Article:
March 5, 2021 · Issue 2: Space(s)

Sacred Spaces

When Indigenous youth began to hold space at O:se Kenhionhata:tie, we knew this was the beginning of a movement that was going to bring about change. We had become a ceremonial gathering space for Two Spirit and queer Indigenous youth and queer settler allies—a place for transformation.

Many of the youth who were part of the camp had very little knowledge of their culture and came wanting to learn about their Indigeneity. Knowledge keeper Dr. Kathy Absolon led us one evening in a full moon ceremony and shared teachings about the moon and the water we all carry within us. In a circle we formed around our sacred fire, Dr. Absolon passed a feather to invite us all to share about ourselves. Many youth cried as they spoke—there were tears of happiness and sadness from a longing to reconnect to the land. For some, it was their first time sitting in ceremony. The camp became a refuge where the youth could be themselves, unapologetically Indigenous and/or queer, and free of judgement.

The following is a collection of photos I shot at camp, along with words from land defenders who took up space with us.
— Shawn Johnston

“It’s been fun to be a part of camp because there’s lots of work to do like watering the garden, recycling, foraging for food, and helping prepare meals for everyone. We’re trying to take the land back ’cause it’s been stolen from us and we need to take better care of her (Mother Earth) than white people have.”
“When I was younger, I had a hard time being connected with the culture and discovering my path without guidance. Since then I’ve never felt so involved and connected with the earth and the creator and I am so grateful for everything you all have done for me, whether that means zipping up my tent for me while I’m running from the spiders or just having nice conversations by the sacred fire.”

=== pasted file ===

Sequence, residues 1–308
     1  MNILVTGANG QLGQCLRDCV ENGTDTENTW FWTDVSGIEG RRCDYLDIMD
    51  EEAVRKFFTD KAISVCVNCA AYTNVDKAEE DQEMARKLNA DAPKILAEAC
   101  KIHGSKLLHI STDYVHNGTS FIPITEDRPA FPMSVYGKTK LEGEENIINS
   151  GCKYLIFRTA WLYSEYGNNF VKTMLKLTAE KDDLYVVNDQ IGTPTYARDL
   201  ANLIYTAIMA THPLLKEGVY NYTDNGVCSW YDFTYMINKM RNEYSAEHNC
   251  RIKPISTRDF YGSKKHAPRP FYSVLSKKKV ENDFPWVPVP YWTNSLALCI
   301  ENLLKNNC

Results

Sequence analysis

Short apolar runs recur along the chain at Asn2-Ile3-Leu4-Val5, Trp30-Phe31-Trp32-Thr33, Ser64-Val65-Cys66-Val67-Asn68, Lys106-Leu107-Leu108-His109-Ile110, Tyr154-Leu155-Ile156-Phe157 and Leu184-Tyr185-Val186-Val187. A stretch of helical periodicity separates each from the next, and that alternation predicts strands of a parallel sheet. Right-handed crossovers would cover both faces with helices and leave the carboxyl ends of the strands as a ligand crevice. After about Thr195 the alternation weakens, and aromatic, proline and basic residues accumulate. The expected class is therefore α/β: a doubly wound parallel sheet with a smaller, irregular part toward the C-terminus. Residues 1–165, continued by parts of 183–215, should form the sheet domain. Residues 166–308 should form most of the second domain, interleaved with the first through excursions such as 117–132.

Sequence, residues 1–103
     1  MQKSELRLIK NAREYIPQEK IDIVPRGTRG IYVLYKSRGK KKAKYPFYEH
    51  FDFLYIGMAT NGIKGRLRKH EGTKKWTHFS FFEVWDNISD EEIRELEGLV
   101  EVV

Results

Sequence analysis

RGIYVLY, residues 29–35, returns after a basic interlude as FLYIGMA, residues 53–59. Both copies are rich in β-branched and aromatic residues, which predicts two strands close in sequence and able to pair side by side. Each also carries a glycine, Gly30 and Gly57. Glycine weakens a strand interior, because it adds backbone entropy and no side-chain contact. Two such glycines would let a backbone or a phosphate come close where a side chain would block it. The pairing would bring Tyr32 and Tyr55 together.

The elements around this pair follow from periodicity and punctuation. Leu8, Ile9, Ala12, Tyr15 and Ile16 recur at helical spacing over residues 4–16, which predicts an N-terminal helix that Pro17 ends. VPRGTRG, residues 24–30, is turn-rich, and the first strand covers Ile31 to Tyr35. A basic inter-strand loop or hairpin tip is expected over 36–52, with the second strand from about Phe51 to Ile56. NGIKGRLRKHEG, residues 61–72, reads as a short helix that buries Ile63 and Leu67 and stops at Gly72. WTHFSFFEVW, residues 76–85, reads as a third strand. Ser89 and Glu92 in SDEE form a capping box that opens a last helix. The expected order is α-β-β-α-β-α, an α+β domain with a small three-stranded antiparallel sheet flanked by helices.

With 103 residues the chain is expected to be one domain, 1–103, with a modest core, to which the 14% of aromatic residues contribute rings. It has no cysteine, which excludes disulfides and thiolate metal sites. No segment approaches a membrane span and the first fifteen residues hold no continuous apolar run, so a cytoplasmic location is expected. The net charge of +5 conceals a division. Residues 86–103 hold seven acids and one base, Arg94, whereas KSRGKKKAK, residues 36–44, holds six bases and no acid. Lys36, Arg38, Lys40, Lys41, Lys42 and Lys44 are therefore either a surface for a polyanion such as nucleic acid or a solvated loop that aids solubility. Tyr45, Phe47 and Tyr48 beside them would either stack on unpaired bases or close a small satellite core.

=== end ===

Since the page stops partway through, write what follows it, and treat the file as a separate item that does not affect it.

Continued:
— Jacki

“I grew up apart from my Indigenous culture and was fortunate to become involved with it when I started at Wilfrid Laurier University. After that, my connection with this community became important and ceremony is now a part of my life. Since joining the camp, I met so many great people as I expanded my community as well as my understanding of the issues these communities face.”
— Scott Vodon, Métis/Cree
“We will not be assimilated. We are still here, and we are still proud to be Indigenous... We created a space for our youth, our families, communities, Nations, and future. In all of the moments here, I saw and felt hope... and need for connection to the land and our teachings. Having mostly youth and 2 Spirit folks, we are reclaiming our identities and rightful places within our community and nurturing those coming next. It’s not a job. It’s an honour.”
— Amy Smoke